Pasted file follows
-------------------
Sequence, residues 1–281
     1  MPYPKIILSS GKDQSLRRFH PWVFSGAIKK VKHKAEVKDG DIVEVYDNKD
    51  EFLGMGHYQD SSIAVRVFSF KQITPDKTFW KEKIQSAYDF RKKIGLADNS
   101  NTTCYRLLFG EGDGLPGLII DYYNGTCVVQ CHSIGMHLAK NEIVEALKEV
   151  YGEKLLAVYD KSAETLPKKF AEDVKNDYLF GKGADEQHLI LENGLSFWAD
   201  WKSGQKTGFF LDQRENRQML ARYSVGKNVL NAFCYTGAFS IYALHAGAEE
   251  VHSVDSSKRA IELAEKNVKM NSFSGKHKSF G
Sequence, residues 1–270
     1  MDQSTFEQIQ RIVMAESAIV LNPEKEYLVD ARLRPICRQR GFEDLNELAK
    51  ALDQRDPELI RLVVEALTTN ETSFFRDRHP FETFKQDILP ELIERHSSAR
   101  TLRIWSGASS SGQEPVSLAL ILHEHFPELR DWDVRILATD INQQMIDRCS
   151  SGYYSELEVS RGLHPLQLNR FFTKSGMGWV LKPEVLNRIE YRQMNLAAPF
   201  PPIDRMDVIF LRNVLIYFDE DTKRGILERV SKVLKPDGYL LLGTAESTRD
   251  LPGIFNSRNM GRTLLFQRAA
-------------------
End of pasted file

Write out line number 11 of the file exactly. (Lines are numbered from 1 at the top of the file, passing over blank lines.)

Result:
   101  TLRIWSGASS SGQEPVSLAL ILHEHFPELR DWDVRILATD INQQMIDRCS